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Kro, it takes a real effort to become a well informed and savvy customer and it is truly rare to run into a salesman who wants to "educate you" too. Their job is to sell not to educate. Marketing tools, brochures, websites and even segment magazines (like Trailer Life with its ads) again are designed to sell and not so much to educate. Before I bought my first fifth, we've been RVing (by "other means") for ten years. I remember my initial ignorance during that first decade and I am an engineer used to "studying, learning" and tackling things "I don't know". There were no websites or forums like we have today, it was hard sloughing trying to separate BS from the real thing.
The forums like iRV2, Escapees and others are indispensable to folks getting into RVIng listening to grizzled old timers like you and me. What's even more valuable is that they can ask a question here about a purchase, make and model, or repair and have ready "ammunition" before they tackle a salesman, seller, or a repair guy.
BTW when I was looking at my first fifth it was around the time when King of the Road entered the market and was considered top brand along with Holiday Rambler and couple others and "out of my price range". But Kropf made a terrific unit, I had it for 10 years without an ounce of trouble, sold it to a friend of mine who had it for over 10 years and had to replace only few items (like the black water tank) which just plainly wore out with age and use.

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Old 11-24-2013, 10:18 AM   #12
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You are right in that it is up to you to educated and do the research on your own. Having been in sales for so many years myself, I am amazed at times how sometimes it just seems sales people "wing it" or will give information that is not correct.

Although I have never sold RV's, I have owned enough of them over 30 years that I have some pretty solid basic knowledge. Yet, from time to time you run into a sales person that seems totally ignorant. Talked with one a few weeks ago looking at Trilogy's. I knew more features on that rig than the salesman did.

We have never owned a MH. With that said, who knows, perhaps some day we might. But for now, our flavor of choice is the 5r! Just like all that extra inside space and ability to unhook and use our tow vehicle instead of a toed.

MH industry although seems to be doing ok in the high end quality built units.
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Old 11-24-2013, 12:10 PM   #13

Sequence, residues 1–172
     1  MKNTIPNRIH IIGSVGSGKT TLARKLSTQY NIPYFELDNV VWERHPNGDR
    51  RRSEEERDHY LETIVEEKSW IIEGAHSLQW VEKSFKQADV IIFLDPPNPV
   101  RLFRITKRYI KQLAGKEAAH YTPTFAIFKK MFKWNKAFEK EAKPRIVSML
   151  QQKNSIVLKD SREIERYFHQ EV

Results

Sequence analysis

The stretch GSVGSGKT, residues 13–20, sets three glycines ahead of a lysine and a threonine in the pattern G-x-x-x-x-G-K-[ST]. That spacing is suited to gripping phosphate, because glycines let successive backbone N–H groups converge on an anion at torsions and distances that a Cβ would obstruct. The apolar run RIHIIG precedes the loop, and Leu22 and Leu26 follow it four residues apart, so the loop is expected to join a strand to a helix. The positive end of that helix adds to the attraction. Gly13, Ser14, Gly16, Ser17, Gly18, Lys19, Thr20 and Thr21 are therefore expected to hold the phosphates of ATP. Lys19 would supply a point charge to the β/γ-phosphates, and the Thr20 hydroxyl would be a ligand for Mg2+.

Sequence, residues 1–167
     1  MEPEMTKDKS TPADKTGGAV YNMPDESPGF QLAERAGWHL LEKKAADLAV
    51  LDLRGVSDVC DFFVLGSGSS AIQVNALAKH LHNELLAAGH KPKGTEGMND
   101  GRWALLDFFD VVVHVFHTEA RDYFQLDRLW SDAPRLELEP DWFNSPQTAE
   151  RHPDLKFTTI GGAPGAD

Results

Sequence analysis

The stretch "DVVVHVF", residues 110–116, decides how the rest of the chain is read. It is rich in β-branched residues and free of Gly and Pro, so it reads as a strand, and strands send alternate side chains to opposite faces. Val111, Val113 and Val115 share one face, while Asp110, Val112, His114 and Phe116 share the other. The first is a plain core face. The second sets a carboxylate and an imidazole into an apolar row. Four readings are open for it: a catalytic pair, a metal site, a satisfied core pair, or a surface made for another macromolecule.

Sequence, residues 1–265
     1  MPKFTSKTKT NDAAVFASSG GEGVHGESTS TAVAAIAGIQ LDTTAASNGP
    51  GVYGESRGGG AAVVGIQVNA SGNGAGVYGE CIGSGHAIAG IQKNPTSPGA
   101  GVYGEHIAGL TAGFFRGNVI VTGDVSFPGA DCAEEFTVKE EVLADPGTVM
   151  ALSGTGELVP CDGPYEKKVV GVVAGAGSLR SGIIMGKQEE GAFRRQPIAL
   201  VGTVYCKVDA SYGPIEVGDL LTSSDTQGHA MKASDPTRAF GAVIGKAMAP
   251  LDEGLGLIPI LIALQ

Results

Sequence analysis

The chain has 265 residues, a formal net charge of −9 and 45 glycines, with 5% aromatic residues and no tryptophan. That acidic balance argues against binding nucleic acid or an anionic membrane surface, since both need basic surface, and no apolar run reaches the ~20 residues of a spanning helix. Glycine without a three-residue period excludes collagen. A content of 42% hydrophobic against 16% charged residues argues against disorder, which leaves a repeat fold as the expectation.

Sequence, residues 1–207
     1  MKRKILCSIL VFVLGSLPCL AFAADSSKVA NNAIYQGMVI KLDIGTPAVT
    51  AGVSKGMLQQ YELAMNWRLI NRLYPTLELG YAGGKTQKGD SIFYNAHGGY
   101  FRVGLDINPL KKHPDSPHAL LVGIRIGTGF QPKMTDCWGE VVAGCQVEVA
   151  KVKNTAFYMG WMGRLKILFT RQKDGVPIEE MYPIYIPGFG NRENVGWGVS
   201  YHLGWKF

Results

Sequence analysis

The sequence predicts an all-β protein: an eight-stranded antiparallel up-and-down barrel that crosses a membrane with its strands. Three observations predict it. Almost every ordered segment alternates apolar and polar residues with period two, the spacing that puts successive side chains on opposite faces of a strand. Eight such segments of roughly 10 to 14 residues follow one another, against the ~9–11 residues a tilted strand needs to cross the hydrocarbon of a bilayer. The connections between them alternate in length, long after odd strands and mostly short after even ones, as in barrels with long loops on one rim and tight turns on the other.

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It mainly comes down to the bottom line, making money.

We loved the 2 NUWA we had and buying any rv because there orphans no problem. I bought another orphan, a Carriage. What every one told me what matters most is how I keep it maintained. Only reason I don't have a NUWA now we didn't see a floor plan we liked with in our area of country.
But we sure love our 2011 Cameo 37CKSLS.
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Old 11-24-2013, 12:28 PM   #14
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Kro, MH segment always has done better, they have better margins to start with, even at the "entry level". Fifths and pull trailers have "entry levels" that can introduce even McDonalds' employees to the "Great Outdoors". Not that I am panning McDonalds, it's a fine company and employs lots of people.
I spent almost 5 decades in the high tech electronics field, 9 years with the "giants" (Raytheon and Lockheed) the rest running and building start-ups (6 of them). First as a design engineers and then as a corporate executive. I'ts easy to be a President or a Vice-President with 20 or less employees and you are expected to do everything including marketing and sales.
I always appreciated (good) sales people and gave them my time. I viewed their job as "educating me" in new products, trends in these products, competitive advantage and their impact on my margins. I dealt mostly with great and seasoned sales people since my standing order with distributors and vendors was, "don't put me through to a newbie that I have to educate, I don't have time for that and the P.O. will go to someone else". Many of the products I would purchase or inquire about actually required that the salesman bring a "sales engineer" with him to explain the finer features and technical intricacies of the item. I operated with sales people and my customers on the basis of mutual respect.
Nothing infuriates me more than a sales person who hasn't learned the product and is covering their ignorance with BS and "fast talk". That's secondary, however, to a guy who assumes that most people are ignorant idiots to be exploited, therefore you have to prove to him that you are not before you get somewhat straight answer.
I can understand though, that if you work a used car lot for enough years you can become convinced that this is the case with society.